In 1839, the daguerreotype was introduced (an early version of the photograph). Sure enough, a few enterprising individuals quickly found a way for the technology to serve more pornographic purposes. A 2006 paper by professor Joseph Slade suggests the first pornographic daguerreotype surfaced in 1846. The image depicted “a rather solemn man gingerly inserting his penis into the vagina of an equally solemn middle-aged woman.” Eleven years after that, the word “pornography” was officially added to the English language. At the time, it was defined as “writing about prostitutes.”

Finally, film comes into play. Thomas Edison’s The Kiss was made commercially available in 1896. As the title suggests, the film portrayed cinema’s first kiss. It may sound a little vanilla these days, but it did create somewhat of a scandal back then. Then again, it didn’t take filmmakers very long to start producing dirtier material.

The early 1900s marked the era of the “stag film.” Such films were illegally shot, consumed and distributed, and were representative of America’s crude, albeit booming porn industry. Stag filmmakers frequently relied on disjointed narratives and vivid depictions of raw sexuality. Joseph Slade suggests the “cultivated amateurishness” of these films “asserted the authenticity of human sexuality.” The films, often smuggled in by traveling salesmen, were frequently viewed during bachelor parties, fraternity events and other exclusively male gatherings. Researchers at Kinsey Institute believe approximately 2,000 stag films were produced between 1915 and 1968.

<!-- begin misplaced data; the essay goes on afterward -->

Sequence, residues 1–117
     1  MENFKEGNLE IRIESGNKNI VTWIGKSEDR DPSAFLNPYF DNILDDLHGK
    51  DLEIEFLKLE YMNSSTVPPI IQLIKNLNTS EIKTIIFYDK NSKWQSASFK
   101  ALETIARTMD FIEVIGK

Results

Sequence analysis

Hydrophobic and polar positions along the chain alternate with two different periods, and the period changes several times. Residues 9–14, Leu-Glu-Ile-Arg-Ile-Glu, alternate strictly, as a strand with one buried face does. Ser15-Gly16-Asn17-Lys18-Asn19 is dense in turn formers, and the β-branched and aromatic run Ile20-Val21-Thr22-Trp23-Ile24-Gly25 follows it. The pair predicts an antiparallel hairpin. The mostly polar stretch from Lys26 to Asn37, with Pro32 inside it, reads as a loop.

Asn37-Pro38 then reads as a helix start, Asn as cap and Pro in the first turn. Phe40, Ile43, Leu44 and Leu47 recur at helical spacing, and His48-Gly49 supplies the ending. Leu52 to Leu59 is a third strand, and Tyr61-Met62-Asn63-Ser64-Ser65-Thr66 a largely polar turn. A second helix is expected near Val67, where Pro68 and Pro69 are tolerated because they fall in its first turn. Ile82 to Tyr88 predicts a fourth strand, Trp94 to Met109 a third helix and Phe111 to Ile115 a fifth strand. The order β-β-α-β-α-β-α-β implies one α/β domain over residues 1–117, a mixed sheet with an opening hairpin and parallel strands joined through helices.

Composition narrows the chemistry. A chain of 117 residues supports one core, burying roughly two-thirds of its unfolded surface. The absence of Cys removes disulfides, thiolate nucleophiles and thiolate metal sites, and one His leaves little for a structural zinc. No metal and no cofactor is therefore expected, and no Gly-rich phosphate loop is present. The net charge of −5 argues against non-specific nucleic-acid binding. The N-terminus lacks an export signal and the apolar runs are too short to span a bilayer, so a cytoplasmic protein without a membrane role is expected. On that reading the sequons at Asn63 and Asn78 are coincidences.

In spite of the complications that came with producing and distributing pornographic content, the material remained popular. So much so that in 1951, the X-rating was formally introduced. Two years later, 27-year-old Hugh Hefner founded Playboy magazine.

But things didn’t continue without incident. In 1957, Samuel Roth was convicted of mailing obscene material through his book-selling business in New York. The case eventually made its way to the Supreme Court. In a 6-3 decision, the Court ruled that “obscenity” is not protected speech, and that Congress could ban material that was “utterly without redeeming social importance.” The ruling put much of mainstream pornography at risk. Roth was jailed on obscenity charges on several occasions. One such instance involved the banned novel Fanny Hill.

In 1966 Lasse Braun hit the scene. Braun would eventually become one of the most celebrated names in porn. He began by making underground 8mm short silent sex films such as Golden Butterfly, Blow-Up ’70 andSex on the Motorway. By 1968, Braun (formally known as AGF) had several criminal cases against him as a publisher, producer and distributor of “obscene” material, or “material against the common morality.” (Denmark would become the first European country to legalize all forms of pornography in 1969.)

Some have cited Braun as the “original porn crusader,” and a leader in the fight to legalize adult material. His company, AB Beta Film, was the first to produce hardcore films in color. Braun is also the first European movie director to have been inducted into the AVN Hall of Fame by Adult Video News. (His son, Axel Braun, was the second.)